stella49 I don't think the expense is the only issue that the staff take into account when putting someone on life support. It can be traumatic for the family. A relative recently died after a period on life support, the decisions they had to take about dialysis and when to turn off the machines tore the family apart. But not only that when she was finally removed from the machines her face was bruised and mishapen where the mask had been. It wasn't an easy death for anyone. And the NHS staff know that it isn't.

annette18 Mon 03-Dec-18 11:35:39

When my husband was dying doctor got me and my son to sign one,i knew thats what he would have wanted , we talked about many times

Heather23 Mon 03-Dec-18 11:48:18

Such a sensitive issue and certainly needs sensitive handling by all concerned. I think we should all think about our wishes and make them clear to all who need to know but as my 94 year old Mum said, when asked the question recently, whether she would wish to be resuscitated, 'it would depend on what the outcome would be'. She was not willing to say "yes, please DNR me under any circumstances". Some people know that is what they would want after a certain age but my Mum is not there yet! I recommend reading "In the Midst of Life - what makes a good death" by Jennifer Worth (Call the Midwife).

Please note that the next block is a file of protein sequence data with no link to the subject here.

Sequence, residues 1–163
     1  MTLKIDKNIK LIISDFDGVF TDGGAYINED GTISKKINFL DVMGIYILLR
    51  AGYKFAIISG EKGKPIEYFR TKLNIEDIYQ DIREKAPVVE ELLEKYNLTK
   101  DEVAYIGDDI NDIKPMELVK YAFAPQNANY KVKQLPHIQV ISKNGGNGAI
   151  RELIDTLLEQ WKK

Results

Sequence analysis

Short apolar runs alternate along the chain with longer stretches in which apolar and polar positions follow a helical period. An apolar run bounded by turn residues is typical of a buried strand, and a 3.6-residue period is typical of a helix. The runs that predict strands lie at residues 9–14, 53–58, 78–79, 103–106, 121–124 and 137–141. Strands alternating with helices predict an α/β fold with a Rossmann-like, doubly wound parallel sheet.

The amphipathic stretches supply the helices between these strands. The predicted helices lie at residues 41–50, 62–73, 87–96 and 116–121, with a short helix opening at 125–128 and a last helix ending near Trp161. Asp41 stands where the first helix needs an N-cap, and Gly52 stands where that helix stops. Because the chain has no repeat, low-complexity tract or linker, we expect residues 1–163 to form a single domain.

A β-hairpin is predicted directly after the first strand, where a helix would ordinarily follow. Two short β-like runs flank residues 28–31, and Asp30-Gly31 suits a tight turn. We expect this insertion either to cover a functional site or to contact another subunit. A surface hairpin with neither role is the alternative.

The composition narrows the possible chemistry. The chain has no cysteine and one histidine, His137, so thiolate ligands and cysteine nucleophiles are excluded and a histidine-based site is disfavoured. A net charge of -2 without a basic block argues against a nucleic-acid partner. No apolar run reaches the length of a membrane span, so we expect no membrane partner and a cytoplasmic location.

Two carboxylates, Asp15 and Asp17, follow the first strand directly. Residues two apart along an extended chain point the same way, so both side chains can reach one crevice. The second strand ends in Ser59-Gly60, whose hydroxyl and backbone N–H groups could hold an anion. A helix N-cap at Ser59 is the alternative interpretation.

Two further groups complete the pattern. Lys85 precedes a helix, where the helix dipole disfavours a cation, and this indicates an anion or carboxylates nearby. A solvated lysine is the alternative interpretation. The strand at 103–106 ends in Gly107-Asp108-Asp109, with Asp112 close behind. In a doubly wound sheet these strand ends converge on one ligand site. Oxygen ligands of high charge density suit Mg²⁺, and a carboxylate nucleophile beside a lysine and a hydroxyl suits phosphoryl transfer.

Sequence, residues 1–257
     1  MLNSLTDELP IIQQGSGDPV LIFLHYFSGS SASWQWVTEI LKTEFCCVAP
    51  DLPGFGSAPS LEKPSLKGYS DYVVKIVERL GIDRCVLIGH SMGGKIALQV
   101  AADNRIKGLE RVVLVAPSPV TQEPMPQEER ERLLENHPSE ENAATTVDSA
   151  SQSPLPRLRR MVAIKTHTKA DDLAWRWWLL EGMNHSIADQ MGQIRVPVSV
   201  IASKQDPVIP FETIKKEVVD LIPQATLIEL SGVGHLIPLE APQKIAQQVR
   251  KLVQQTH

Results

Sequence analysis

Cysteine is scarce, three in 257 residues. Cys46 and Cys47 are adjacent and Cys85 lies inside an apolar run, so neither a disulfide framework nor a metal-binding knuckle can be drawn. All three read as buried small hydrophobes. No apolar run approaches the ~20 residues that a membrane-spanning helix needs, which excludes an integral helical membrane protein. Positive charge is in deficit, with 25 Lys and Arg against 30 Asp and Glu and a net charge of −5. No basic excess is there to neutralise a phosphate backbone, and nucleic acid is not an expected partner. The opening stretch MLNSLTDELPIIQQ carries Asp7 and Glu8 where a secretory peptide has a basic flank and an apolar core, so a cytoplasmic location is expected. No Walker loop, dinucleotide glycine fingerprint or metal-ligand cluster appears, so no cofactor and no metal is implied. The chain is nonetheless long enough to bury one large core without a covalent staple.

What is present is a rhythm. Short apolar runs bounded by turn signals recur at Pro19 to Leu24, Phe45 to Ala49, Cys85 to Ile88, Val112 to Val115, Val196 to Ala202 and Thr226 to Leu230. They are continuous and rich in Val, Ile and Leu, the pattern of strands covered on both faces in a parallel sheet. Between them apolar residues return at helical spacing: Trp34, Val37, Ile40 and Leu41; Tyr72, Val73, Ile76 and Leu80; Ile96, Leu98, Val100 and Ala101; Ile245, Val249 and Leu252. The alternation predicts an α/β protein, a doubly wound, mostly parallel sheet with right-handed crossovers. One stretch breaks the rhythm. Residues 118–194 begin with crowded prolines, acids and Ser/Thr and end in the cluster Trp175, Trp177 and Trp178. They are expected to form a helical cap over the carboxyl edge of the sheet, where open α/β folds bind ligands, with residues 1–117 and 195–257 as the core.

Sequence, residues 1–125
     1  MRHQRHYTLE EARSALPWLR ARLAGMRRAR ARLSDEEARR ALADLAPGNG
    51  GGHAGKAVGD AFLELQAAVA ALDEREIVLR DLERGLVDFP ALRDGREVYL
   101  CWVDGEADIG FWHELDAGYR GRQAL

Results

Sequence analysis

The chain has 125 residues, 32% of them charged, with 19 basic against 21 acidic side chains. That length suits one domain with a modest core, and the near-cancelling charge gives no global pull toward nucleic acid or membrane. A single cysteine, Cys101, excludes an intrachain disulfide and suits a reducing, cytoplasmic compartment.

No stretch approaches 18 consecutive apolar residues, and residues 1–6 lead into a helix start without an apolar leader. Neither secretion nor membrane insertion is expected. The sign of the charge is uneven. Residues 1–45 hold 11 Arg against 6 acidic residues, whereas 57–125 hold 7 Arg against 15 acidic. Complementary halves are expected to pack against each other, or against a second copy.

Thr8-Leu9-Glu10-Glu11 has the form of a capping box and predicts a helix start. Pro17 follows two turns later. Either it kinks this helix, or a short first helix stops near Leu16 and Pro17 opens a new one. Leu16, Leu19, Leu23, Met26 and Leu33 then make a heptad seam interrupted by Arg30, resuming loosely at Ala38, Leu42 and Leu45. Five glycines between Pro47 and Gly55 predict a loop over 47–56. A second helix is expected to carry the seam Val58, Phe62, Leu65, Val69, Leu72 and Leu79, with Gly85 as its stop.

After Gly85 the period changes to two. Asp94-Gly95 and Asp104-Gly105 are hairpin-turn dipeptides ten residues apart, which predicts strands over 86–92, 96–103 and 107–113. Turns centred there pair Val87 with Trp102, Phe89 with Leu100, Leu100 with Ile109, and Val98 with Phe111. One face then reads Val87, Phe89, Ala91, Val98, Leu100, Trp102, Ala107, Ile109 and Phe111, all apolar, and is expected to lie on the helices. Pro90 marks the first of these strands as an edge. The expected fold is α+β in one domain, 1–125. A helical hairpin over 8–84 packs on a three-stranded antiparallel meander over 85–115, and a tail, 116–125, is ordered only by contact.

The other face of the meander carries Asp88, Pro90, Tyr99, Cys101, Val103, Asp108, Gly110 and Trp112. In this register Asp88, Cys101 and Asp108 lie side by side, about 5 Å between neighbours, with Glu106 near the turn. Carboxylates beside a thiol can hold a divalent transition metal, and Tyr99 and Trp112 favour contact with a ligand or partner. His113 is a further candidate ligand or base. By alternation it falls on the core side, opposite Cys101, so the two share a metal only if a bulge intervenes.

GreenGran78 Mon 03-Dec-18 12:46:48

My husband's health had gradually deteriorated after a lifetime suffering from Chrone's Disease, circulation and heart problems, and a stroke.
We had watched a friend's distress, when her husband had been resuscitated and treated with antibiotics in a nursing home for 18 months, even though he was comatose for most of the time. The staff said that they had to keep him comfortable.
When DH suddenly became ill, and was taken to hospital, it was obvious that, if he recovered, his quality of life would be even worse than before. The doctor had a quiet chat with me, and asked for my opinion. I told him, though it broke my heart to do so, that he would not want to continue living in such an unhappy situation, and that we should let him go peacefully. They transferred him to a private room, and he slipped away the next morning.
Although it was a shock to finally lose him so quickly, I don't regret my decision. He was 82, and had suffered enough from operations and ill-health. I think that he was ready to go, and I hope that I will be treated in the same way, if the circumstances arrive.